In Body

Easy Tips To Stop Emotional Eating

Have you ever casually walked by the kitchen and found the gravitational pull to overwhelming to resist?

As you mindlessly walk toward the refrigerator you swear it’s just to look around. After pulling out a few things, you promise yourself that you will have just a bite. Before you know it, it’s all gone—and now your so mad at yourself you say F**k it and do a deep dive into the cake too.

In truth, you are hungry for something. It’s just not food.

When we eat without true physical hunger we do it for one really big reason— there is something missing in our life either in a emotional or spiritual sense and we think it can be found in food. Click To Tweet

95 percent of diets fail because we are only looking at shedding the weight physically, not emotionally or spiritually.

I can explain. Let’s take a hypothetical woman named Jan who is obese and needs to lose weight for health reasons.  She just had part of her stomach removed to limit the amount of food she can ingest.  After the honeymoon period where she looses over 60 pounds is over, she begins to become depressed.  This depression is sending her back to her old patterns and she is figuring out any way possible to get more food into her body to make her feel better (which it doesn’t).  This causes more depression because she is starting to gain the weight back which, in turn makes her eat more.  One year after her surgery she is back to her old weight again and feeling even worse than when she started. 

How did she get there?  Let’s go back in time for a minute because we all have a little of Jan in our psyche.  The first time she experienced a negative emotion and realized a piece of cake (feel free to pick your food of choice; mine are brownies) made her feel better, her brain created a connection that said “Rejection/judgment/whatever the bad feeling is hurts less when I have cake.” She taught yourself that a cake was what would make it all better, and in the moment, it was a distraction to her true feelings. But it doesn’t heal the underlying wounds, it just makes them a little worse. As long as she mindlessly eats based on a false perception (that eating will make her feel better), she will perpetuate this negative pattern and stay trapped in bad habits no matter what.  Stapling her stomach didn’t solve her weight situation because she never addressed the issue behind the eating.

Wellness is about looking at the body as a whole.  Whenever one part of the mind, body and soul is out of balance, in this case it’s the physical weight, we need to look at where we are emotionally and spiritually heavy as well. 

When we find ourselves mindlessly putting food in our mouths, we can observe our behavior and ask ourselves these important questions about why we are practicing emotional eating:

  1. Are we trying to feed our body or our soul?
  2. Are we craving love, acceptance, or happiness in food?
  3. Who are we serving?
  4. Is something going on in our life that needs to be addressed?
  5. Is this just a pattern of old habits that needs to be broken?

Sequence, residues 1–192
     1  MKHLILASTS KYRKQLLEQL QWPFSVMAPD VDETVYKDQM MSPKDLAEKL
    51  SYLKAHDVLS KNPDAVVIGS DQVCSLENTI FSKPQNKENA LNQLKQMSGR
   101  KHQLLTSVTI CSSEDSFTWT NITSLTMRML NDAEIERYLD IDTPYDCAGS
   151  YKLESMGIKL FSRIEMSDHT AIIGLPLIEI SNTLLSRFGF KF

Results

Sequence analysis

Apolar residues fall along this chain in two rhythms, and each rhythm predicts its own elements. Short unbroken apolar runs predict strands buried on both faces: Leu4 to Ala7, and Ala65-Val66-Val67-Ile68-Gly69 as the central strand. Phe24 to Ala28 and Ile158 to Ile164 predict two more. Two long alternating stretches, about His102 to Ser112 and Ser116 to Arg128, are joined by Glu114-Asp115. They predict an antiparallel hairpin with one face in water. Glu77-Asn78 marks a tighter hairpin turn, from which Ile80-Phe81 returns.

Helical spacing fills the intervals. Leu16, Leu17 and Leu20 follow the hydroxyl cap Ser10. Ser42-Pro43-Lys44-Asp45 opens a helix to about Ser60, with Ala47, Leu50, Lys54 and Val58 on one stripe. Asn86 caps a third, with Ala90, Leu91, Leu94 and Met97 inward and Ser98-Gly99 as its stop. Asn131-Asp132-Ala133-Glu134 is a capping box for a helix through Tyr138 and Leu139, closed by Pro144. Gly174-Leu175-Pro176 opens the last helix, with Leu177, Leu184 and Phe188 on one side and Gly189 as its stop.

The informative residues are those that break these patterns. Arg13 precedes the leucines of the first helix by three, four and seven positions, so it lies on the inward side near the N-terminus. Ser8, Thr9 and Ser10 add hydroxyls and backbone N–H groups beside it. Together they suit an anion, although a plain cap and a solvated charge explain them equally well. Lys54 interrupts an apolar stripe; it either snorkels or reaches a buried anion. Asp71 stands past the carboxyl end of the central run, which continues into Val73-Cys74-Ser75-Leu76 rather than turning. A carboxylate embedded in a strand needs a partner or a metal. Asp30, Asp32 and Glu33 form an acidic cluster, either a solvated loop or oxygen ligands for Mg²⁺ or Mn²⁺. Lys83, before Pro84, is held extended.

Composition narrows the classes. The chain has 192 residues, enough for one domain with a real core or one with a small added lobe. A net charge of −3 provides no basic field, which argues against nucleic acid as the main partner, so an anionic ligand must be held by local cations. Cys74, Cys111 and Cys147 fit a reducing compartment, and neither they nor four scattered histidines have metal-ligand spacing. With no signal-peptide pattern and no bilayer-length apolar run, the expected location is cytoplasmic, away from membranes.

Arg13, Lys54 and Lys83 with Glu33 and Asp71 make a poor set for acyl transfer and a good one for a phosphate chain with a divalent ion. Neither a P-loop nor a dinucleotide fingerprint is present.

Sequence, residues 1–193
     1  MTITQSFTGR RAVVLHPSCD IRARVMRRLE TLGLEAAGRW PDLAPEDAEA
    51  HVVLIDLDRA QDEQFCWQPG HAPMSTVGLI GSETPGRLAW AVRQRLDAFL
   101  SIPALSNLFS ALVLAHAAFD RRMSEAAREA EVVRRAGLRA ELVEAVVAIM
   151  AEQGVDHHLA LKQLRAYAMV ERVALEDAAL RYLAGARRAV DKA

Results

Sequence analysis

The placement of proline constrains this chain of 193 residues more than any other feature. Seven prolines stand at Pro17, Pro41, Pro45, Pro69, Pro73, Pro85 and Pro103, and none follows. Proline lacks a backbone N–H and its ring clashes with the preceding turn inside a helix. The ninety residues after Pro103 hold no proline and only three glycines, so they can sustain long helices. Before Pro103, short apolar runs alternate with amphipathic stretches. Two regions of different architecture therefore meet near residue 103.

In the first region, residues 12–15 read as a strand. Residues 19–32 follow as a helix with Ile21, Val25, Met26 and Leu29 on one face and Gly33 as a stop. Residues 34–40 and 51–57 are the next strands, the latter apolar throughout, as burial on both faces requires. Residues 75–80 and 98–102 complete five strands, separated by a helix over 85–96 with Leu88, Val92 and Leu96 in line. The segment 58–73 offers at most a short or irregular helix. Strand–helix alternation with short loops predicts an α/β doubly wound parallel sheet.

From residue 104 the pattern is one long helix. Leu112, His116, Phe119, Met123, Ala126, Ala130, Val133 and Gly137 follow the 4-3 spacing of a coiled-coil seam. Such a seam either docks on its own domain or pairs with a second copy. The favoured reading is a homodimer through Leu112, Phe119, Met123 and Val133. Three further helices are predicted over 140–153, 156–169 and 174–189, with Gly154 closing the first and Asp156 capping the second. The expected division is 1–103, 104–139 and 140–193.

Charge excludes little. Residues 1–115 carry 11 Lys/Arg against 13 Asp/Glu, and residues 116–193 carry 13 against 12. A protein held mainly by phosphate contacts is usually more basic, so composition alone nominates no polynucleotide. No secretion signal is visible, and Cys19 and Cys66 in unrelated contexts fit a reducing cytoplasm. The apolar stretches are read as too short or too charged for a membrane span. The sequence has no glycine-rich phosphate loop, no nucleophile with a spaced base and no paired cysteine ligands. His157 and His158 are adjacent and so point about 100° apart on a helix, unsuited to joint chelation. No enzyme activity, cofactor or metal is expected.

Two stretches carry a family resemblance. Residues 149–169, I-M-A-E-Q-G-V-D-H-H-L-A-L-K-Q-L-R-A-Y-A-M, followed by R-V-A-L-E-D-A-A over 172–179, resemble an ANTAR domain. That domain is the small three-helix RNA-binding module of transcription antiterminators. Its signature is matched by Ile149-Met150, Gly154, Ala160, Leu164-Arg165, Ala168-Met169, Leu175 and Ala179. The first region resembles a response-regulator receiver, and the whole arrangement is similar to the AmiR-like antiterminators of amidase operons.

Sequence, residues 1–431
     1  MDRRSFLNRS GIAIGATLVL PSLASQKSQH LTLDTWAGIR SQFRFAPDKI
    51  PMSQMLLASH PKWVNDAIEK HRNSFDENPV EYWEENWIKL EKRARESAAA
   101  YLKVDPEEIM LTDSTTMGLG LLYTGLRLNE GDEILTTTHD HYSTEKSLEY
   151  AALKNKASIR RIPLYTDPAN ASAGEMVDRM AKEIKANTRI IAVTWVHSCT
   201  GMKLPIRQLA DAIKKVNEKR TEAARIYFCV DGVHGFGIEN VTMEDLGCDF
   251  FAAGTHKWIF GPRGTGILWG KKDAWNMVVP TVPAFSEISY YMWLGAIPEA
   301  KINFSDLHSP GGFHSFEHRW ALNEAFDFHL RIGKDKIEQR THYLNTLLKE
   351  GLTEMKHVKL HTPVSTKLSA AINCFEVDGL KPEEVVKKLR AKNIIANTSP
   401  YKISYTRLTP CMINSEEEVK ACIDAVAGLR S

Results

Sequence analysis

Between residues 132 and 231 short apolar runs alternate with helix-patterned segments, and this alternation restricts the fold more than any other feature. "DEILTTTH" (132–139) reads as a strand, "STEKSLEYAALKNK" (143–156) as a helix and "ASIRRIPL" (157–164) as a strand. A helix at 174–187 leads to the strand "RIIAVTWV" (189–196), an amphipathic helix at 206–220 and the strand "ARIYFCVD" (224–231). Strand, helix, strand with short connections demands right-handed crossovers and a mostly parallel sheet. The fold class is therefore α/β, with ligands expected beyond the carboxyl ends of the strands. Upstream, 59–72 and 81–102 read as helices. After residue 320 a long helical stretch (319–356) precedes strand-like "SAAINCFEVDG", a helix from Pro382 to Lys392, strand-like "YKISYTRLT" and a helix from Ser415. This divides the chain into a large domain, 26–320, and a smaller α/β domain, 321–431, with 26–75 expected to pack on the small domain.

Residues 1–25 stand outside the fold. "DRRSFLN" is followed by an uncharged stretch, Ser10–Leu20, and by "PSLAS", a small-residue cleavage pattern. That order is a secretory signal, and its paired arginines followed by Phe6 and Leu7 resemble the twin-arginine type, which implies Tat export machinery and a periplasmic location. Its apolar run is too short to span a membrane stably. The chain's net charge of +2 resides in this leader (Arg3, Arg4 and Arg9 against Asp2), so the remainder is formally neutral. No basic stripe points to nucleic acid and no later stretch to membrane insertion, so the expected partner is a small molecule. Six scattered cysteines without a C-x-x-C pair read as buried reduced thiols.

By becoming self aware, we can end the self loathing of constantly disappointing ourselves because we can’t keep the weight off.  By bringing awareness and love to that hole in our heart that we have been filling up with food we can heal it, releasing the need to eat.

Sure it can take some time to uncover the real reason behind why we eat and for some, a little therapy would be really helpful too, but wouldn’t it be better to finally get that thing that you have been prisoner to for so many years off your back?

Remember every time you feel sad or angry that your instinct to reach for the comfort food is not an instinct that serves you well. It’s perpetuating the falsehood food will make it all better. Get comfortable with being uncomfortable and you’ll start to realize that you can cope with your emotions by facing them head-on, not by eating them.

Thankfully, you can break the habit of emotional eating. It just takes practice to explore new ways to calm to soothe yourself. The goal is to rewire your brain using non-eating behaviors as comfort.

Follow these three easy steps and break up with emotional eating:

Step 1: Observe yourself like a scientist

Much like Jan, your emotional eating is so unconscious, it happens when you aren’t paying attention. Start observing when and where your eating is out of control.  The office? Late at night? When you are alone? Are there any patterns that you notice? What are you feeling in that moment? This will help you identify why you are showing this behavior.

Step 2: Redirect

The easiest way to break a pattern is to interrupt it. If you notice you are running to the kitchen at night when you are alone make a plan to do something you enjoy in instead.There are many ways to calm yourself without calories, such as journaling, meditation techniques, connecting with others, self-message, distraction, guided imagery and ways to pamper your senses. You can also pick up the phone and phone a friend, or go for a walk. Once you’ve changed the patten and found something else you enjoy, the fridge won’t be as enticing.

Step 3: Practice

Try out these techniques when you aren’t craving food first so you get them down pat before you really need them. You don’t want to try something new in the middle of a crisis. Get used to your new skills so they will be the first thing you think of, not the last.

Emotional eating only has control over you if you let it. With a little work on your part and some dedicated practice, you can break up with emotional eating.

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Comments
  • Beth Schulman

    Love this! Just read The Beck Diet Solution and it’s shifting our mindset about eating/ through a cognitive/
    behavioral approach. Has helped me change my relationship with food.

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